On some level the organizing committee gave the impression that their control covered the venue and anything connected with the venue but once the doors were closed for the night and the shuttles had safely dropped us off at our hotels all bets were off.
On the one hand we can understand why they might feel that way. Many of them don’t realize that often a bulk of our work takes place in the hotel and strong internet access can make the difference of how much sleep we get on any given night (and how pleasant we are the next day since tired journalists can get pretty cranky).
Yet, the good news is that our opinions were voiced and given to the right people and it appears that with almost a year to go there will be time to address those concerns along with the many other details that still need to happen.
Next year, in June, the test events take place for some of the sports, which will offer an additional opportunity for the organizing committee to test its setup. However, you never really know how things will work out until all the people and horses have arrived.
With 1200 media expected, close to 500,000 spectators, 1000 competitors and horses, and 3000 volunteers in addition to the staff, sponsors and guests, the true test is how well things are handled when something does not go as expected.
With all of that said we have a lot of faith in these seventh Alltech FEI World Equestrian Games to be held in Normandy. They are sending a great message in that this is not just about the competition but about the entire experience.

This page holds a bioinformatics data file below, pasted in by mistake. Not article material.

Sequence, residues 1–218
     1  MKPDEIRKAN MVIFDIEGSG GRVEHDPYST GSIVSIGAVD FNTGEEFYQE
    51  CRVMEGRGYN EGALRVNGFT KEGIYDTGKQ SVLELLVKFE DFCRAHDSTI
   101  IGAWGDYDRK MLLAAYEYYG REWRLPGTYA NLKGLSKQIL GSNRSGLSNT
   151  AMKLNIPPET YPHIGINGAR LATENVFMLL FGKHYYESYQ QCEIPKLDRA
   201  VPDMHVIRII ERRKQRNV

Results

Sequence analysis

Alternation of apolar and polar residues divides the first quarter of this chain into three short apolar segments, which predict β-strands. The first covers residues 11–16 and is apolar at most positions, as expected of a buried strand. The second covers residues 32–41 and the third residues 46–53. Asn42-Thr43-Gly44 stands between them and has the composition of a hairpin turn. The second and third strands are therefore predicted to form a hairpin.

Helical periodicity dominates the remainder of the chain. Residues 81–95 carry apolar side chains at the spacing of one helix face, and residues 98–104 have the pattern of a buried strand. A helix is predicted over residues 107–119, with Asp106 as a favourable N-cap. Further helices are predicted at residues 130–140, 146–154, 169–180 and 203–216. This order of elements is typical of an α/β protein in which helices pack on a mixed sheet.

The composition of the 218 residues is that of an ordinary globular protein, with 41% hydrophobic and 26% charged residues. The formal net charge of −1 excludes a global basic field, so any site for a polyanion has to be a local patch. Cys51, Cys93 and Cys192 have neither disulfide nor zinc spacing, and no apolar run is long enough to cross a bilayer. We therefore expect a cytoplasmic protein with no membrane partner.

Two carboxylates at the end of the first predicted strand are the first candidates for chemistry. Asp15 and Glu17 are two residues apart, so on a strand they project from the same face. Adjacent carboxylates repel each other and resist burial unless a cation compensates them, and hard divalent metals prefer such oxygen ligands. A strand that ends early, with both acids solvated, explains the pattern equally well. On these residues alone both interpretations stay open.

The plan is to offer more than just the horse show but to inspire guests to savor the region and all it has to offer in culture, exquisite food and history.
What we also learned was that other sponsors need to take note of Alltech and how they are “activating” their sponsorship. They have created a template that others can learn from and much of what works and what doesn’t was learned from their sponsorship of the Games in Kentucky.
In Kentucky there were things that went well and things that did not, but at the end of the day despite some mistakes Alltech achieved more than its goals. Who in the horse world doesn’t recognize the name Alltech when it is mentioned? They have achieved that first step in that ladder of sponsorship. While there is still the need to ensure that the world knows what the company does, because of their global sponsorship, the name Alltech has become a household word in the horse world and beyond.
Even organizing this trip to give some of the world’s top journalists a chance to prepare in advance is just one more example of how well Alltech understands what it means to maximize the value of its sponsorship. While having a great sponsorship is key, making sure the word gets out is of the utmost importance.
Giving the media the tools they need to not only allow them to get their job done but to get them enthused about what a great event this will be is all part of ensuring a sponsorship works.
We learned a lot on this trip but probably what we learned that was most important was that the Alltech FEI World Equestrian Games 2014 in Normandy draws no lines in the sand. It is for the young and young at heart, for the horse addicts and those who admire the horse. But it is more than that. You should come not only to enjoy the best horse sport in the world but also to savor a region of France that has much to offer. At the end of the day this is an event, an experience that anyone can enjoy and walk away with memories for a lifetime to come.
The organizing committee has organized a theme. They say it is 15 days of competition, 15 months of preparation and 15 years of a legacy, and this is one legacy you will want to be a part of.